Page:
Exception catcher filter for Symfony

Update: Updated the class to have a cleaner code syntax.

Recently, I needed a different way of processing my own defined exceptions in symfony. The cleanest solution was to implement a symfony filter, as I didn’t feel like try-catching every action available in my application :)

First thing to do is let symfony know when we can enable the filter.
Edit apps//config/app.yml and add the following:

  exceptionCatcherFilter: on

Next up is writing the actual filter.
Create apps//lib/exceptionCatcherFilter.class.php:

class ExceptionCatcherFilter extends sfFilter
    public function execute($filterChain)
       if (sfConfig::get('app_exceptionCatcherFilter')) {
           try {
           } catch (sfStopException $e) {
               // This is an internally used symfony exception and shouldn't be blocked
               throw $e;
           } catch (Exception $e) {
                // Do something with the exception, other than just throwing it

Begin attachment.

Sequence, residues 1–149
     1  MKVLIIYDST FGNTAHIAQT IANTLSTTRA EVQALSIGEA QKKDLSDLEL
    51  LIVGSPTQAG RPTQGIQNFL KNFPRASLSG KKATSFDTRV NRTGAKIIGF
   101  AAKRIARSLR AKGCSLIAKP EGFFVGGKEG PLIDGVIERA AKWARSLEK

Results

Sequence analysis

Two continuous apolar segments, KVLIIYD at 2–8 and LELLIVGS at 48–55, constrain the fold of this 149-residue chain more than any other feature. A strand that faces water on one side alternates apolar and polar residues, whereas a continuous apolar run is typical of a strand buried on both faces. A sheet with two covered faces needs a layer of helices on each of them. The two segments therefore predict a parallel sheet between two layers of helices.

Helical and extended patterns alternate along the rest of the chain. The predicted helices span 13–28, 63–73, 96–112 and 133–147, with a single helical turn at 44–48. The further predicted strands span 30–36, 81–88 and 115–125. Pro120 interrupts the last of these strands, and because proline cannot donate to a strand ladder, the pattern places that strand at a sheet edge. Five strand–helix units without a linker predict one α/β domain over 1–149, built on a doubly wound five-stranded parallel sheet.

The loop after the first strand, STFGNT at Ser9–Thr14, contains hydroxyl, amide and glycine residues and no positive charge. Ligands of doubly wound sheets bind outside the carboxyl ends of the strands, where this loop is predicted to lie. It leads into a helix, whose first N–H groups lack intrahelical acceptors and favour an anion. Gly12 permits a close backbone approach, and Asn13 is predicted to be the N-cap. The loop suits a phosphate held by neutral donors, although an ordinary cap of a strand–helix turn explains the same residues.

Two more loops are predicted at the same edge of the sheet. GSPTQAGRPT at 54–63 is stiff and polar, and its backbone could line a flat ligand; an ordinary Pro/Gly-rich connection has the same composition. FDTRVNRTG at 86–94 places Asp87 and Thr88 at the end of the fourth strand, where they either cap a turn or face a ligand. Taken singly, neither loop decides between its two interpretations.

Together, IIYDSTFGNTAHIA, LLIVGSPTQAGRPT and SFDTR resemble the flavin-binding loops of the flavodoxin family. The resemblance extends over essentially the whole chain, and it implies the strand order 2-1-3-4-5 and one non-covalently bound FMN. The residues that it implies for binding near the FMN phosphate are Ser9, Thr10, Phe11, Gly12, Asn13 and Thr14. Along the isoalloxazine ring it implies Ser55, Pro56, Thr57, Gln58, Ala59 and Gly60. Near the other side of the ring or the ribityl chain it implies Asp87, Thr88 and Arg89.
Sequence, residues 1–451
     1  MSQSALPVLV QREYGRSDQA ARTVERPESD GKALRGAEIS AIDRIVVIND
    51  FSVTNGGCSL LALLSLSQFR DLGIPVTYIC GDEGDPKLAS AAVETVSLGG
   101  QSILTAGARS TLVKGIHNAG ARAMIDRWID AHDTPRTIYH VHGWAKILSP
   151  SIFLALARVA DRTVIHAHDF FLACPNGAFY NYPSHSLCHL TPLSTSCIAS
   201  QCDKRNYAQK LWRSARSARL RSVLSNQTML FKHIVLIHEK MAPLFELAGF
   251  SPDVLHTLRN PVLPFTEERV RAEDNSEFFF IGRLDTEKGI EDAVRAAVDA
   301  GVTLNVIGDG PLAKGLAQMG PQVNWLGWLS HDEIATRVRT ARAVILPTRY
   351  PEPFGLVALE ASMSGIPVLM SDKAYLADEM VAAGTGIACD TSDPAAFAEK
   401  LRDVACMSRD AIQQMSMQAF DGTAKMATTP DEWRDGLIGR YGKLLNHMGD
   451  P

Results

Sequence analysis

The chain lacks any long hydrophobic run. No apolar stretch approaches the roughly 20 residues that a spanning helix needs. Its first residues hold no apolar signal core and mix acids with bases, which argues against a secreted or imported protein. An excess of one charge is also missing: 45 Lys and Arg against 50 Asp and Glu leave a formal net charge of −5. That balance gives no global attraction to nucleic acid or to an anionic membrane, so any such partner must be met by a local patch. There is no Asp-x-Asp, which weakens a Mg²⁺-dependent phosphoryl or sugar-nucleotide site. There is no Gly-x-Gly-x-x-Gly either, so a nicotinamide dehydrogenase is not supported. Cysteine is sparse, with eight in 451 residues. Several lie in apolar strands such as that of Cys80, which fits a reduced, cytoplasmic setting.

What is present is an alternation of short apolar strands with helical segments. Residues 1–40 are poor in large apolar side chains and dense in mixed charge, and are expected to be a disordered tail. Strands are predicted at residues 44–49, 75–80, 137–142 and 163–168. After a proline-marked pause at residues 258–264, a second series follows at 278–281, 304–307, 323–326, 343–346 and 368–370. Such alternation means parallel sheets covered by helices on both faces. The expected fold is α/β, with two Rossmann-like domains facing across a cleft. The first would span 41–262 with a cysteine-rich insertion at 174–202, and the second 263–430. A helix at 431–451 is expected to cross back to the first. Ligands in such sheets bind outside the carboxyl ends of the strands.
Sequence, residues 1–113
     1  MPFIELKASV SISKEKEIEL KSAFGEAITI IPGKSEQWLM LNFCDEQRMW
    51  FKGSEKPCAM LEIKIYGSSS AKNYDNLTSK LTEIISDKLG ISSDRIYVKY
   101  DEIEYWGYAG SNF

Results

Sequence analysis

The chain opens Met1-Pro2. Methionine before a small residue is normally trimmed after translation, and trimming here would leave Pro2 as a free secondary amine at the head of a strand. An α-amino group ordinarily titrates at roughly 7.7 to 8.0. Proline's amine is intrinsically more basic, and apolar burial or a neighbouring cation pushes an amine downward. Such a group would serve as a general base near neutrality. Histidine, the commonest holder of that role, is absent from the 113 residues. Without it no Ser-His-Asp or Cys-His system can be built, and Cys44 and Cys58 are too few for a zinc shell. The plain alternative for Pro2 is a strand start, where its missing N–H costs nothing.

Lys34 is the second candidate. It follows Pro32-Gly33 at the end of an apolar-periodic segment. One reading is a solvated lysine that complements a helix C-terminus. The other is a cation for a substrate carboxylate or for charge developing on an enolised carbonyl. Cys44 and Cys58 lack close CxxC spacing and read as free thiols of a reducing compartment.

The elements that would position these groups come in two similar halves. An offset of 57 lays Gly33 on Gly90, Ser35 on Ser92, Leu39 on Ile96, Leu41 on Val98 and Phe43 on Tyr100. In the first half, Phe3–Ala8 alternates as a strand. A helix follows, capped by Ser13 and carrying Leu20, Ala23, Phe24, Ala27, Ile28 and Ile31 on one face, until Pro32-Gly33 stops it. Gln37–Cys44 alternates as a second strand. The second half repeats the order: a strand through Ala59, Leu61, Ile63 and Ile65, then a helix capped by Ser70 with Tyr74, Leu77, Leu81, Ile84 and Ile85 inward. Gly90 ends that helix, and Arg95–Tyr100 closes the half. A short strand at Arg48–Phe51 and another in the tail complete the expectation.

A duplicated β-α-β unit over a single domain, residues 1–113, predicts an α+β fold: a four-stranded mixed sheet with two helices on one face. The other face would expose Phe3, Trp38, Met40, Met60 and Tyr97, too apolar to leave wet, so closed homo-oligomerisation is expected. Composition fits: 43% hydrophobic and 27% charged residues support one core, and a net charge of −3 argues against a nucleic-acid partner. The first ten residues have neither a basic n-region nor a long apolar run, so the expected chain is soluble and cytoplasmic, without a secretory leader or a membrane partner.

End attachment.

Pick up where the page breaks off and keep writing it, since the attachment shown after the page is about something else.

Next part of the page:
} else {

Basically, this checks if we have enabled our custom filter, then tries to execute it. If it does throw an exception, the exception gets catched. When the exception is not of class ‘sfStopException’, we can do something with it (for example, log it to a database or send mails or whatever). If we don’t have the filter enabled, the chain should still move on and pass execution to the next filter in the chain.

Last step that needs to be done is placing our filter somewhere in the chain of filters that is active in our application.
Edit apps//config/filters.yml:

rendering: ~
web_debug: ~
security:  ~
class: ExceptionCatcherFilter
cache:     ~
common:    ~
flash:     ~
execution: ~

This is, of course, a very simple version of such a filter but it does the job and can easily be extended to do whatever you need.
The current context is retrieved by: $this->getContext();, so you should have a look at that too.

5 responses to “Exception catcher filter for Symfony”

  1. Filtre Symfony pour intercepter les exceptions…

    Dans un projet symfony, il peut être intéressant de gérer soi-même certaines exceptions plutôt que de laisser Symfony les gérer seul.
    Par exemple, au cours d’un développement, je devais réaliser une application consommant …

  2. Thanks for this. This made it very easy for me to log all exceptions to a specific DB table. And as a side note, I’m not sure what version of Symfony you’re using, but this basic concept works effectively under Symfony 1.4 for me.

  3. hi,
    i hope you read your old post …

    i have a problem with sfError404Exception, your filter can’t intercept them ….
    do you have any idea ?